It thus appears that the invention claimed is not any new combination of ingredients, creating a different product, or any new mechanical means by which a desirable change in the form of a common article of commerce is obtained; but it consists only of the ordinary flake glue reduced to small particles by mechanical division. The advantages from such division consist in its more ready and rapid solution, its greater convenience for packing and retailing, and its whiter appearance and enhanced salableness. The whole claim is to an old article of commerce in a state of mechanical division greater than previously used, but unchanged in composition and properties; and the benefits arising from the increased division are such as appertain to every soluble substance when divided into minute particles.
This statement, which is substantially a repetition in a condensed form of that by counsel, is supported by reference to numerous instances where similar results have followed the mechanical division of soluble objects into small particles; but we do not deem it necessary to mention them, for the point involved presents no difficulty. There is nothing new in the fact that the solution of a soluble substance is accelerated by increasing its fragmentary division; nor is there any thing new in the fact that articles with rough angles and edges can be more readily put up into packages without injury to their wrappers when reduced by mechanical division into small particles; nor is there any thing new in the fact that such articles generally improve in appearance by granulation or powdering.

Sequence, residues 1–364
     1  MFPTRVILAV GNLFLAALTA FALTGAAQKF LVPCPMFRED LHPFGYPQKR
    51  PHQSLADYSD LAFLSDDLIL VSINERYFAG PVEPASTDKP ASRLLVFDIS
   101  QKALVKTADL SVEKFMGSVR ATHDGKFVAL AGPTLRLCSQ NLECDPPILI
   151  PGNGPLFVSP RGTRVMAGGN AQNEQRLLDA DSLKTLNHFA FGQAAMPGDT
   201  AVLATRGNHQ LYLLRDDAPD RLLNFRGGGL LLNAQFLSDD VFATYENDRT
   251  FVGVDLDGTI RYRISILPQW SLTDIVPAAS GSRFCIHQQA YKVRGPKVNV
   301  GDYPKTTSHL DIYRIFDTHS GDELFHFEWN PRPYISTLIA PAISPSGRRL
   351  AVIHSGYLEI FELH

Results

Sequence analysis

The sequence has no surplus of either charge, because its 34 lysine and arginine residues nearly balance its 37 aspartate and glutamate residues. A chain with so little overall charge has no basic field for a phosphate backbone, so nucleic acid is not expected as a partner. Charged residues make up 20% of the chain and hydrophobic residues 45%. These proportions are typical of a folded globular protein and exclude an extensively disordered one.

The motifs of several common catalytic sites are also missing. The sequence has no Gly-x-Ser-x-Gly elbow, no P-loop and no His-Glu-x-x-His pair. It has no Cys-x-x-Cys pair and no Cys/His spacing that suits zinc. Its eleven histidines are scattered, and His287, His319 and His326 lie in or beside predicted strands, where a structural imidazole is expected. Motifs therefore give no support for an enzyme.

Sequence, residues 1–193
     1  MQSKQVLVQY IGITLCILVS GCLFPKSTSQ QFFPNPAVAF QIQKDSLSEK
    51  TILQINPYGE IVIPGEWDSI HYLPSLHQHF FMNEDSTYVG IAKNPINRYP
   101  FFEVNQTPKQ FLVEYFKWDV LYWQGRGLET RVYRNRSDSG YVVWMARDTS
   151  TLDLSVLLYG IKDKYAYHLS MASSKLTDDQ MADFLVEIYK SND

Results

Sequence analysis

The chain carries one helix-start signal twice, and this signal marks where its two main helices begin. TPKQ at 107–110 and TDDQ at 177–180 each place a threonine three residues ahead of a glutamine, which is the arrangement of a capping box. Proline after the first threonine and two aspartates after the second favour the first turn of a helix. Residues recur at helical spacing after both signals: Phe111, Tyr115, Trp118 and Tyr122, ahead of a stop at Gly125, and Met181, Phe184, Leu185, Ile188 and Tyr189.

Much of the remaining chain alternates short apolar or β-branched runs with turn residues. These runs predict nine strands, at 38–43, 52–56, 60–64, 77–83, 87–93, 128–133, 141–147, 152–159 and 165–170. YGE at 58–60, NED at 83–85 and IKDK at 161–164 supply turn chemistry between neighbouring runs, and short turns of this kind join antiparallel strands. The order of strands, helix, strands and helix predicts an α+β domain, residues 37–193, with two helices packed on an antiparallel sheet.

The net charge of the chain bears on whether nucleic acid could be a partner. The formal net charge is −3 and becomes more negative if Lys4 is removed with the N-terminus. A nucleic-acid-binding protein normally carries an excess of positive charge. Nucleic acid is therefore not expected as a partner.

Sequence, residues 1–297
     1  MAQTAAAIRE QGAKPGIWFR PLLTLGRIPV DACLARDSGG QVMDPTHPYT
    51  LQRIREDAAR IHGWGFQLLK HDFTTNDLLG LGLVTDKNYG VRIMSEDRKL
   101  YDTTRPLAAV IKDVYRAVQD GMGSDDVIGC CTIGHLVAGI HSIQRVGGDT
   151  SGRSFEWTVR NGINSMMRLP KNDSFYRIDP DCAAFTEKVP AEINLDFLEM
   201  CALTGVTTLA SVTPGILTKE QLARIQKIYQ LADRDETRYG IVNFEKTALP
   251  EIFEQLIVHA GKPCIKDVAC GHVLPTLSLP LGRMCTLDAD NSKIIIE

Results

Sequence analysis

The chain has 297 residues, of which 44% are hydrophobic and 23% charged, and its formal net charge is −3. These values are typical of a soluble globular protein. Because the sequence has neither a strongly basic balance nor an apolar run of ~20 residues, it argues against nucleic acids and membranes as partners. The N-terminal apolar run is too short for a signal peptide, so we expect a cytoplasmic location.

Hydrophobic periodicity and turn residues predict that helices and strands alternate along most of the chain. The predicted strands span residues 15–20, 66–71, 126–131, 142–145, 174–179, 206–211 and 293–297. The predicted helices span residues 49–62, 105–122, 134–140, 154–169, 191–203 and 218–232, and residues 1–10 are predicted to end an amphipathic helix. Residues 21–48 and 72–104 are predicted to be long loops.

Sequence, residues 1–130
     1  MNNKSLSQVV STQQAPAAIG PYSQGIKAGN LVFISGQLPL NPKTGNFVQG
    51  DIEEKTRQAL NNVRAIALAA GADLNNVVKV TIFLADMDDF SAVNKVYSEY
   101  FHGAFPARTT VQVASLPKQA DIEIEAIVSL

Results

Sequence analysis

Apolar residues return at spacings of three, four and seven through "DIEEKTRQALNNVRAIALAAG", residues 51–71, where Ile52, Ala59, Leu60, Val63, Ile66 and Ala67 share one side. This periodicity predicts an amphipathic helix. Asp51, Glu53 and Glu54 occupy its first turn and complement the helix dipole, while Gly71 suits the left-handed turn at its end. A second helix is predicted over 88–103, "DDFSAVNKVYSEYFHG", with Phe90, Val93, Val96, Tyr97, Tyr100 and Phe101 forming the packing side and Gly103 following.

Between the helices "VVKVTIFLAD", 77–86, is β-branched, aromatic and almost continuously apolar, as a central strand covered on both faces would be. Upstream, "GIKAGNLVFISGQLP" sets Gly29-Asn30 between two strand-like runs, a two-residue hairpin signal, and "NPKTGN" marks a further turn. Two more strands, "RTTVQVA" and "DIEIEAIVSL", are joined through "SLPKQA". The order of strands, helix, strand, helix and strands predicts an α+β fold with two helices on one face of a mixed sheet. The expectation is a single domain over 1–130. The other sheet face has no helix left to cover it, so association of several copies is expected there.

A distinction must be observed between a new article of commerce and a new article which, as such, is patentable. Any change in form from a previous condition may render the article new in commerce; as powdered sugar is a different article in commerce from loaf sugar, and ground coffee is a different article in commerce from coffee in the berry. But to render the article new in the sense of the patent law, it must be more or less efficacious, or possess new properties by a combination with other ingredients; not from a mere change of form produced by a mechanical division. It is only where one of these results follows that the product of the compound can be treated as the result of invention or discovery, and be regarded as a new and useful article. The three advantages attributed to comminuted glue over the flake glue were, previous to the alleged invention of Goddard, recognized as following from a division of soluble objects into small particles, in the treatment of a great variety of articles in constant use in the kitchens of families, and in pharmacy. Where certain properties are known to belong generally to classes of articles, there can be no invention in putting a new species of the class in a condition for the development of its properties similar to that in which other species of the same class have been placed for similar development; nor can the changed form of the article from its condition in bulk to small particles, by breaking or bruising or slicing or rasping or filing or grinding or sifting, or other similar mechanical means, make it a new article, in the sense of the patent law.
This subject is elaborately considered by the presiding justice of the Circuit Court, in his opinion, with reference to numerous adjudications of the courts of England and the United States; and in his conclusion on this point we concur.